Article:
Checkmate in amber, p.1
Checkmate in Amber, p.1Matilde Asensi
THE AMBER SALON (EL SALÓN DE AMBAR)
An amazing journey in search of a work of art that mysteriously disappeared during the Nazi period
A group of antiquarians are dealing in stolen works of art. The group is hierarchically organized and its members represent the chess pieces. The King (the eldest team member) leads every operation and the Pawn (the main character of the novel) carries out the orders. Ana Galdeano’s next job is finding a unique and exceptional piece, stolen by the Nazi army, which mysteriously disappeared during the final days of World War II. This object is the Amber Salon, an 18th-century room constructed entirely of semitransparent amber from the Baltic. In seeking this magnificent object, Ana finds herself obliged to disentangle the threads of a conspiracy plotted 50 years earlier by two very dangerous Nazi officials.
About the Author
Matilde Asensi (born 1962 in Alicante, Spain) is a Spanish journalist and writer, who specializes mainly in historical thrillers.
She has more than 20 million readers worldwide and has become the reference of quality bests-sellers in Spanish language. According to the magazine Que Leer she is the ‘Queen of the adventure novels’.
Her books, of an indubitable quality and proven historical documentation, have been translated to 15 languages. The English translation of The Last Cato won the 2007 International Latino Award in the category ‘best mystery novel’ and an honor mention for ‘best adventure novel’. The following year, Everything Under the Sky won the second place for the International Latino Award.
In 2011 she received the Honour Award of Historical Novel Ciudad de Zaragoza for her career in this genre. She also was awarded the Premio Juan Ortiz del Barco (1996) and the Premio Felipe Trigo de Relato (1997)
OTHER BOOKS BY MATILDE ASENSI
Everything Under the Sky
The Last Cato
The Lost Origin
Checkmate in Amber
Translated by Alexander Fraser
Copyright © Matilde Asensi, 2013
Translated by Alexander Fraser
Cover page image: © Jacobo Blasco
About the Author
Slap in the middle of Ávila’s Plaza del Mercado Chico, a zealous Inquisitor was hurling heretical tracts onto a raging bonfire. Meanwhile, two streets up, I was desperately trying to get my metallic calypso red (and frankly, gorgeous) BMW 525 tds out of the garage in a frustrating face-off with the hordes of stragglers arriving late for the medieval bash organized by the city council. For several days already, right outside my own front door, I’d been having to put up with the racket and riot of beggars’ brawls, slave auctions, jousting knights and the boastful claims of street vendors hawking their magic cure-alls and slivers of the True Cross.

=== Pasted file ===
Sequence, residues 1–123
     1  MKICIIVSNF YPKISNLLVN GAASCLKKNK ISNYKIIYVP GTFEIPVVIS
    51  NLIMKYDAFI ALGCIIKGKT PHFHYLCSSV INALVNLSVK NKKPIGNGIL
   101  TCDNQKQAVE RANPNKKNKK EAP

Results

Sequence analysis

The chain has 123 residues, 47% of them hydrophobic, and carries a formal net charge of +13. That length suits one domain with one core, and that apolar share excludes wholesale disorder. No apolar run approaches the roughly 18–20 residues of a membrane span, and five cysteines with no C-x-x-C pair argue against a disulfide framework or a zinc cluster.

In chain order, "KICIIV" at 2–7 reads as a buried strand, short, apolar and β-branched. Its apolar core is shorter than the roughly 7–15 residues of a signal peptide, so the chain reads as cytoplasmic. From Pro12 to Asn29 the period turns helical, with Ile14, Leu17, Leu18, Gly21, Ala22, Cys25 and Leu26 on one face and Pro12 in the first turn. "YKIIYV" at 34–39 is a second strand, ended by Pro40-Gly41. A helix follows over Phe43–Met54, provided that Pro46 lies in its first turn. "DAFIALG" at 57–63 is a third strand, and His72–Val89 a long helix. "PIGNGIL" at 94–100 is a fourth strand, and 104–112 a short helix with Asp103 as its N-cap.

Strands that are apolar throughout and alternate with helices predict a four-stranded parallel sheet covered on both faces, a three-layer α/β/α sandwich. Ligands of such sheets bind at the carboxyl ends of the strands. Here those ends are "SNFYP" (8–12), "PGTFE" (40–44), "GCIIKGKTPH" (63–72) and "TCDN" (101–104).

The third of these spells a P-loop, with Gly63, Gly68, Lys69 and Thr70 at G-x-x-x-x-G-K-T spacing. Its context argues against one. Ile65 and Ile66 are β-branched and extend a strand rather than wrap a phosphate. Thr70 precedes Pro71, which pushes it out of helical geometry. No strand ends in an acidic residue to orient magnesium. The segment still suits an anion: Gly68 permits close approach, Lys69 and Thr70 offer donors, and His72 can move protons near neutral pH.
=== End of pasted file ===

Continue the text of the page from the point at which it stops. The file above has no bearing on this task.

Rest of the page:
If I’d only been just a bit more on the ball, I would have made damn sure to miss the mayhem, get out of Ávila with Ezequiela and go and stay at our finca in the country - leaving my fellow citizens to live it up any which way they fancied. But I had just come back from a long trip away and badly missed my home comforts, the familiar warmth of my own bed and a little bit of peace and quiet. Fat chance. This municipal knees-up was driving me up the wall.
I gently hooted the car horn and flashed my headlights in the vain hope that the sea of humanity would gracefully part and let me through, but it was a complete waste of time. Instead, my murderous instincts kicked in sharp, as a gang of heavy metal kids started to hammer on my car bonnet, laughing in my face and giving me the finger. Whenever something like this happens, I always solemnly swear to myself - usually in Hebrew, of course - that this year will definitely be the very last time that I stay cooped up inside the city walls at the mercy of the rampaging mob.
To be fair, there’s absolutely no way that I would have hit the street at this point, had I not received a characteristically imperious phone call from my Tía Juana, who I’d already planned to go and see the following day to finally wrap up the Saint Petersburg business. But when Juana says Right now!, not even Patton and his Third Army would have had the nerve to defy her.
‘Now don’t forget to take your jacket, dear, the weather’s taking a turn for the worse,’ Ezequiela instructed me from the living-room. ‘And be sure not to give my regards to that woman!’ she added scornfully.
Dear old Ezequiela had been working for my family since she was twelve years’ old, when my grandmother brought her in from the tiny hamlet of Blasconuño, in the north of Ávila province. She’d seen my father and my aunt grow up, she’d laid out the bodies of my grandparents, she’d faithfully served my own parents and then, when my mother died, she herself had taken charge of my upbringing. Her loyalty and loving affection for me were rivaled only by the implacable hostility that she felt towards my aunt. Juana’s bad temper and sheer vindictiveness when she was a girl had left an indelible imprint on Ezequiela’s memory. She had never been able to forgive Juana for her casual cruelty.
I eventually managed to get outside the city walls through the gate by the Church of San Martín and, now much calmer, crossed the Adaja Bridge and got onto the Piedrahita road. A leisurely half-hour drive lay ahead of me, listening to the news on the radio. The Russian president, Boris Yeltsin, was trying to get the State Duma to accept Viktor Chernomyrdin as his next prime minister and the communist-dominated Duma had turned him down flat, and was threatening that, if he carried on insisting, they’d be only too happy to kick off the Third World War. In the meantime, Bill Clinton was awaiting the publication of the Lewinsky Report and trying to come up with a convincing definition of the enormous difference between sexual relations and an inappropriate relationship.